US Airways pilots approve merger-related agreement
Jim Watson/AFP/Getty Images
DALLAS US Airways (LCC) pilots have overwhelmingly approved an agreement that would result in pay raises if their company merges with American Airlines.
Union president Gary Hummel said Friday that the agreement would give pilots $1.6 billion in considerations over six years.
American close to merger with U.S. Airways
American parent AMR Corp. and US Airways are in advanced negotiations on a merger with an announcement possible early next week, according to people familiar with the private talks.
The US Airline Pilots Association said 75 percent of its members favored the "memorandum of agreement" that details how they would be treated if a merger takes place. The Allied Pilots Association, or APA, at American had already approved a similar agreement.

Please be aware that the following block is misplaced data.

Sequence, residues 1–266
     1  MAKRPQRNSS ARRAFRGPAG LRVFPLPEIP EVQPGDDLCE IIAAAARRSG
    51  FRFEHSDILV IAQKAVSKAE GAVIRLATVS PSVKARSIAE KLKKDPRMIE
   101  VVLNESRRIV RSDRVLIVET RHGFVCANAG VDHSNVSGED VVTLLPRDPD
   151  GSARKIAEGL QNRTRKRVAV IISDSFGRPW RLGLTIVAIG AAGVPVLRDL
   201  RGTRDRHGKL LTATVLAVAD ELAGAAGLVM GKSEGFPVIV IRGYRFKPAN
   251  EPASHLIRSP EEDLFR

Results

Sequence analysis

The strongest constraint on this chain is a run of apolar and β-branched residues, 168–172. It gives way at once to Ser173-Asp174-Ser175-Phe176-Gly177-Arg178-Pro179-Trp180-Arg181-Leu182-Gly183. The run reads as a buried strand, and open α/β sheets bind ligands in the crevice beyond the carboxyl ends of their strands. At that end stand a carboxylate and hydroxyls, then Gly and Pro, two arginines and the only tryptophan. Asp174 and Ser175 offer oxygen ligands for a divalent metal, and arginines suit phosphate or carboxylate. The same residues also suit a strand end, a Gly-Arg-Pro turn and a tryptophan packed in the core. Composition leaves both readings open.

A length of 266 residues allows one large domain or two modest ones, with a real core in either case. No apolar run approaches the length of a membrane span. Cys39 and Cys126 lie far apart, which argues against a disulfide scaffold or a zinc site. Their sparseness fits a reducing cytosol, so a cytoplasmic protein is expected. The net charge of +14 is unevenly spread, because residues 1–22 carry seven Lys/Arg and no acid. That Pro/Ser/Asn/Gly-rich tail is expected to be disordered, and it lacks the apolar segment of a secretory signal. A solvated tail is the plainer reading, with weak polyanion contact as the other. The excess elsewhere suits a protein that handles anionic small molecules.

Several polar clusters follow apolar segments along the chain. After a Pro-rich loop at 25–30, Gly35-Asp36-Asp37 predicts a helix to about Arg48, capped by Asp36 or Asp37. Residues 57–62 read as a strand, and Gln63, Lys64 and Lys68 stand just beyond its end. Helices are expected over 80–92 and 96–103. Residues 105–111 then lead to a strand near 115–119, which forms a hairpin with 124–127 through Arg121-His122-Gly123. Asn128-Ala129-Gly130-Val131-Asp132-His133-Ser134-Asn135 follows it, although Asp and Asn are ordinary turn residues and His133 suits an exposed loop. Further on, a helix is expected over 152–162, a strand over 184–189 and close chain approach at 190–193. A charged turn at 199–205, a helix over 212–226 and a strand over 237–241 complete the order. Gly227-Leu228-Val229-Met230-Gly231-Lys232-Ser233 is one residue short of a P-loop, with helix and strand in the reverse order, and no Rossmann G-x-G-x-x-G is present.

Hummel said ratification of the memorandum insures that US Airways pilots -- who are paid less than those at American -- "will arrive at the merger as equal partners with APA in pay, benefits and working conditions."
- Airlines cancel more than 4,000 flights ahead of storm
- Union: AA ground workers would get raises from merger
- Sources: American Airlines, US Airways on verge of merging
The deal provides for US Airways pilots to be paid the same as American Airlines pilots and to get an increase in retirement contributions. A captain of an Airbus A330 jet, for example, could see top-scale pay nearly double, to about $300,000 in 2018. First officers, or co-pilots, earn less.
For the most part, pilots from each airline would continue to fly that carrier's current planes and planes on order after the merger.
Popular on MoneyWatch
- TGI Fridays nailed for doctoring booze
- Amy's Baking Company could face legal 'nightmare'
- Reverse cell phone lookup service is free and simple
- How Bernanke's testimony affects investors
- Meat labels getting facelift under new USDA rules
- Top 10 professional life coaching myths
- Help! My boss is promoting the wrong person
- Amy's Baking Company: Post-meltdown PR campaign